Good Grammar Is Good For Users - And SEO

By Ryan Boog

I’ve been thinking about grammar and SEO a lot lately. As a reader and a lover of English, I care about the right usage. Incorrect grammar alerts my inner copy editor and lights up like a firework on the page whenever I see it.

Is this simply a personal pet peeve that I need to get over - or does it actually matter to SEO? Because if it’s a pet peeve, and there’s only a small club of grammarians, librarians, professors, and obsessive online marketing specialists who care, I should just shut up and let the world continue to happily, ignorantly misuse “its” and “it’s.”

Good Grammar Is Good For Users - And SEO

But it’s not just me.

It’s Google, too

The question that’s important for digital marketers to consider is this: are spelling and grammar a factor in SEO rankings? Because we all know that it's possible for content to be full of heart and full of spelling errors. So will Google penalize these kinds of pages in the search engines simply for misspelling a handful of words?

Matt Cutts, the head of webspam at Google and the SEO’s link to the minds behind the algorithmic madness, produced a video addressing this question about the relation between grammar and SEO. He says that no, spelling and grammar are not officially included in the list of over 200 factors Google specifically considers when they rank sites. For one thing, he said it would be difficult for Googlebot to first decipher the language of the page, and then be able to differentiate between multiple language on one page (he gives the example of a page in English with a random paragraph of Hungarian. Not necessarily spammy, but it could be tricky for Googlebot to note this).

However, he does admit that “more reputable pages do tend to have better spelling and better grammar,” and he even goes as far as to say “I think it would be fair to think about using it as a signal.”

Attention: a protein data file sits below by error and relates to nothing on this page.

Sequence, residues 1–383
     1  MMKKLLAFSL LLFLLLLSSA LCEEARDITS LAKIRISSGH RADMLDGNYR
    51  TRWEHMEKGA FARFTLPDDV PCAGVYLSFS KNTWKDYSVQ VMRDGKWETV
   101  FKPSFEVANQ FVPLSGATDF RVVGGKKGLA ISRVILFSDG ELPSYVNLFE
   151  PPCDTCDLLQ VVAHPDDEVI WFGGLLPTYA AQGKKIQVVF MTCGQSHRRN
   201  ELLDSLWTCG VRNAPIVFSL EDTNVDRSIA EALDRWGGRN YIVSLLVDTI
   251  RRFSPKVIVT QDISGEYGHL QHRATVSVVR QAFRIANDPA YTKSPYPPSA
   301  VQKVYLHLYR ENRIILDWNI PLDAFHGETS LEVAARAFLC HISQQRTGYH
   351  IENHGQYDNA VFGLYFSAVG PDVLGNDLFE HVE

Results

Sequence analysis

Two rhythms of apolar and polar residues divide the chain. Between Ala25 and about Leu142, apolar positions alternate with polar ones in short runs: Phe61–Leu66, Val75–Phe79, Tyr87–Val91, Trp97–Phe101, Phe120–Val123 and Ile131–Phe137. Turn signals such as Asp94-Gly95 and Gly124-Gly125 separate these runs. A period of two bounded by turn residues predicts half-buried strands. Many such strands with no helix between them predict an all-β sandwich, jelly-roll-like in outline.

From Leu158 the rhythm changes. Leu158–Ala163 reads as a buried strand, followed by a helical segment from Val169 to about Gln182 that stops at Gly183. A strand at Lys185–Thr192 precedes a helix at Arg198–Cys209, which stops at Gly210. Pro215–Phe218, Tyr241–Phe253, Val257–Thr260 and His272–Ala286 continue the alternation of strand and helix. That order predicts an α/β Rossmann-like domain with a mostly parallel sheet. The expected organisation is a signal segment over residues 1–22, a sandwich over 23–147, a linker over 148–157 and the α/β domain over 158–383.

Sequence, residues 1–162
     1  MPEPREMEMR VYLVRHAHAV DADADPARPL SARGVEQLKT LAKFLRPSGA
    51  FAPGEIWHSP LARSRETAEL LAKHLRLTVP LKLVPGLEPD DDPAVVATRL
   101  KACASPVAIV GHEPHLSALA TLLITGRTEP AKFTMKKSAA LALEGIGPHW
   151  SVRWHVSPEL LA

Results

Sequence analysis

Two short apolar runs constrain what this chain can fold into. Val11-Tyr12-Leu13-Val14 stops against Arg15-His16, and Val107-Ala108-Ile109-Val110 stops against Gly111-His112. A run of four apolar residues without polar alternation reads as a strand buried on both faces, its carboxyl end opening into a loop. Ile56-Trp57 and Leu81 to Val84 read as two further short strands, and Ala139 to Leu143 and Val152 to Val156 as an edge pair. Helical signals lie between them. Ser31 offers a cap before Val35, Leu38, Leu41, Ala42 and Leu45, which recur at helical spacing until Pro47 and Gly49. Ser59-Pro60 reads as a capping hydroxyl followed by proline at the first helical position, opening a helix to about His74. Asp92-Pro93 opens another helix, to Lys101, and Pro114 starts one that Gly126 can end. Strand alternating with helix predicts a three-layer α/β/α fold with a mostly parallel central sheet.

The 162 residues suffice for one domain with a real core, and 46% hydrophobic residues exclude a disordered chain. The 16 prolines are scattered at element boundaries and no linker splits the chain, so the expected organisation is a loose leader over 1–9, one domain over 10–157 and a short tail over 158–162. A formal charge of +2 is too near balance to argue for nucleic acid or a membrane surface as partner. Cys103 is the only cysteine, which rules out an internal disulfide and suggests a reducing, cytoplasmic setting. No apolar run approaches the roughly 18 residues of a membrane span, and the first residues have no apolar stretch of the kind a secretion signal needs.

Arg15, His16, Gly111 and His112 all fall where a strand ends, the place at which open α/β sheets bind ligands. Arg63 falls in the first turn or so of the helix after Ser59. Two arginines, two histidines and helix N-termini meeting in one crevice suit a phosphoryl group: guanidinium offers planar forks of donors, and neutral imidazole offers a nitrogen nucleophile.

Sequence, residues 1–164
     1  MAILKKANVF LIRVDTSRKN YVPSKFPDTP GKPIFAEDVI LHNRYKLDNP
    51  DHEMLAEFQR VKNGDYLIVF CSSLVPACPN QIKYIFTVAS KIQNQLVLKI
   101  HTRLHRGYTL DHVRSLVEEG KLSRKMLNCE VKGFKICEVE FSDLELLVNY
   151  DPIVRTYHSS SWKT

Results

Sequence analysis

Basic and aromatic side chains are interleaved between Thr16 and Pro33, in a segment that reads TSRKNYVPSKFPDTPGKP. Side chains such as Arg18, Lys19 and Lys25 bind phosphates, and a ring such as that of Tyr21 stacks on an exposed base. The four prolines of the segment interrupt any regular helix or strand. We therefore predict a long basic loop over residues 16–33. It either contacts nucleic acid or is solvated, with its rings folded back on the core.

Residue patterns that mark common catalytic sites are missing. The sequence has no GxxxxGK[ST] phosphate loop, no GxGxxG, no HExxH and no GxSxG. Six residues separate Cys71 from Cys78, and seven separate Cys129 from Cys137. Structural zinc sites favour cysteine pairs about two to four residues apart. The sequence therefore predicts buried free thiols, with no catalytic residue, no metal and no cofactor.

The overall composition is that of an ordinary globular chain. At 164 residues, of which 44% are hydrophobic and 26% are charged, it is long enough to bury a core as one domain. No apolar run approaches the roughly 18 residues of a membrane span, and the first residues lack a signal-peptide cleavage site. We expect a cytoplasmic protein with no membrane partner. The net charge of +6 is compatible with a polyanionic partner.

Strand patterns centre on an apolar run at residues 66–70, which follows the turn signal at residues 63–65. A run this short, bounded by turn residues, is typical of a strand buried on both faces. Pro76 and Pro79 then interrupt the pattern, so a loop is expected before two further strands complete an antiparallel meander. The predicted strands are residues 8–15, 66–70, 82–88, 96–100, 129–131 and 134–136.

He strongly advises well-written content and close editing because, as he points out, users appreciate correct, well-written language.

But don’t just take Matt Cutts’ word for it. Check out the Q&A forum at Moz, too, where experts weigh in.

What good spelling does for users

You’d never let a grammar mistake slip by in a resume. Newspapers and magazines quadruple-check every page for perfection. And a misspelled ad? Ads are already short on words, so every word counts - and a spelling error hurts.

Here’s another hard real-life example: my neighbor customized the glass on his personal truck to advertise his home service business, and he misspelled his own company name. Ouch!

We expect proper grammar and spelling. It’s a baseline and an indication of professionalism. When connecting with businesses, proper spelling and grammar:

  • -Establishes trust
  • -Creates credibility
  • -Shares a smart image
  • -Shows care and attention to detail

Make sure your SEO person is proficient in spelling and grammar

Who's doing your SEO? Do they speak your language? Can they correctly use "your" and "you're"? Do they proofread their sentences? These are important questions to consider because this person will be carefully inserting very important verbiage into your website content; specific language that they need to get right because there's an audience searching those terms.

And if you're doing your own optimization for your website, realize that even if you don't care much about grammatical standards, much of the world will notice your careless mistakes and deem you a neanderthal. Historically, Neanderthals haven't survived too well in life. Don't be one!

When it comes to SEO and grammar, the heart of the matter isn't abiding by the rules or being a stickler for apostrophes and commas. Really, the issue is enabling people to engage through specific language. SEO is all about language - connecting the language that people use to search with the language of the businesses who want to be found.

Language involves grammar. So take care of your language. Edit it. Ensure accuracy.

More reputable sites tend to spell better, and the sites with lower page rank, tend not to spell as well.
Matt Cutts

Your visitors will see you in a more positive light - and that’s always worth the time spent.

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